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Midland University Proud to Celebrate National Girls and Women in Sports Day


February 2nd marks the 36th annual National Girls and Women in Sports Day. Since its inception in 1987, NGWSD is a day to recognize women’s contributions to sports and society. It also serves to acknowledge the influence of female athletes at all levels and honor the progress and continuing struggle for equality in women’s sports.

Midland University is proud to celebrate the role its more than 400 female student-athletes play on campus. Boasting the largest athletic department in the state, Midland offers 15 women’s sports, as well as four co-ed sports. Women’s Flag Football was the most recent addition in 2020, making Midland one of only 15 institutions in the nation to offer flag football.

“We have women’s sports that many other institutions across the country offer, but we also give them that variety through flag football, hockey, Esports, and wrestling,” Courtney Thomsen, Midland University Athletic Director, said. “That variety is what makes Midland such a wonderful place for all athletes. We have so many opportunities for female athletes to get involved.”

Thomsen was a Division I soccer player at the University of Arizona. After her playing career was finished, she found herself climbing the athletic ranks from coach, to administrator, and finally an AD at Marymount California University. She arrived at Midland in July of 2021, becoming the first female AD in its history.

“I didn’t aspire to have a career in athletics, even though I had a passion for it,” Thomsen said. “But if it weren’t for the opportunities presented to me by female coaches and administrators who came before me, I could never have even dreamed of this being a possibility. My hope is that I can be an inspiration for women who want to advance through the athletic ranks.”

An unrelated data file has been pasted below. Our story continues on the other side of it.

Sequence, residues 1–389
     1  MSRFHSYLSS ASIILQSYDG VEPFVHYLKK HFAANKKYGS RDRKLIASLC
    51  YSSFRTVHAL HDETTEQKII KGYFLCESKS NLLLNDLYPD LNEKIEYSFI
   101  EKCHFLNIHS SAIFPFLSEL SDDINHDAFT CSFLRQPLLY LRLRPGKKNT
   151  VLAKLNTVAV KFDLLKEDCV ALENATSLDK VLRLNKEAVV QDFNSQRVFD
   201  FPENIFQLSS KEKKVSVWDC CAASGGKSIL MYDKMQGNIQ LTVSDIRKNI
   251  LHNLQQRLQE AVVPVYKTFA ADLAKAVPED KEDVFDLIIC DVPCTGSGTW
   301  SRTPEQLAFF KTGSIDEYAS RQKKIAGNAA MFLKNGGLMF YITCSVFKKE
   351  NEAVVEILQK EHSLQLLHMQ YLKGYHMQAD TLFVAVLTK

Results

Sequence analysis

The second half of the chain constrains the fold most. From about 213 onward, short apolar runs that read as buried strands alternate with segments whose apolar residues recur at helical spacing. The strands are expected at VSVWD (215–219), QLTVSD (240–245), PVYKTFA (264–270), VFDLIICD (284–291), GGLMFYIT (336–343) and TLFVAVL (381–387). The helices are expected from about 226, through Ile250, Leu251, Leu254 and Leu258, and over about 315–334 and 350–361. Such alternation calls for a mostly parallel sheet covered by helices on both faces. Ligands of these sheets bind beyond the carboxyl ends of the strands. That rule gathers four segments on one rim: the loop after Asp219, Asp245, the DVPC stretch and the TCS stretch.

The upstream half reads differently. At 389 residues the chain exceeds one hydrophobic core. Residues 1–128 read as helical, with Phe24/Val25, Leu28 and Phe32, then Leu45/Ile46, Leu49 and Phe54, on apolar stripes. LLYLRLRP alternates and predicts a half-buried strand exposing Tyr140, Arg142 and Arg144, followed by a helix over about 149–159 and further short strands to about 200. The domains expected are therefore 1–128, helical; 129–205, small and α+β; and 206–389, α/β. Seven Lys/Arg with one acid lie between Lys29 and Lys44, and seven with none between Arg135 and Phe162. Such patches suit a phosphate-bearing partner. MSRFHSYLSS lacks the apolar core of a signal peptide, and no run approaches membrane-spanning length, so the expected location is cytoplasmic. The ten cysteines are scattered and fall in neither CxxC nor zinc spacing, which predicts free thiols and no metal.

This year’s NGWSD celebration is also significant in that it was 50 years ago that Title IX was put into effect. Title IX protects people from discrimination based on sex in education programs or activities that receive federal financial assistance. 

“Title IX played a huge role in me being able to compete in college athletics,” Thomsen said. “As a result, we are seeing women have more opportunities to compete. The more women we have involved in sports, the more it will inspire our youth to continue to compete. It aligns with our vision of being relentlessly relevant at Midland. Not only are we providing opportunities for women in sports that other places might not, but we’re attaching scholarships to it. It’s allowed us to reach out to a lot more young women than we ever have before.”

Those opportunities have also provided more recognition for female athletes, including Midland’s own Amy Cawley. A member of the Midland Shotgun Sports team, Cawley’s “Her Shooting Journey” Instagram page has more than 4,200 followers and has allowed her to receive NIL (Name Image Likeness) opportunities. “Not only can she compete at a sport she’s good at and loves, but it’s also helped her earn some money through these deals,” Thomsen said. 

While the number of female athletes at the college level is near 50 percent, the number of female administrators continues to fall short. As of 2019, about 24 percent of athletic director positions at the NCAA level were filled by females. “More times than not, I’m the only female, or one of very few, in the room at AD meetings,” Thomsen said. “We’re not seeing as many women in these administrative roles, so it shows we have work to do. I’m so grateful to be on a campus where I’m not only encouraged to lead athletics but have a voice at the table to help athletics continue to grow for all genders.”

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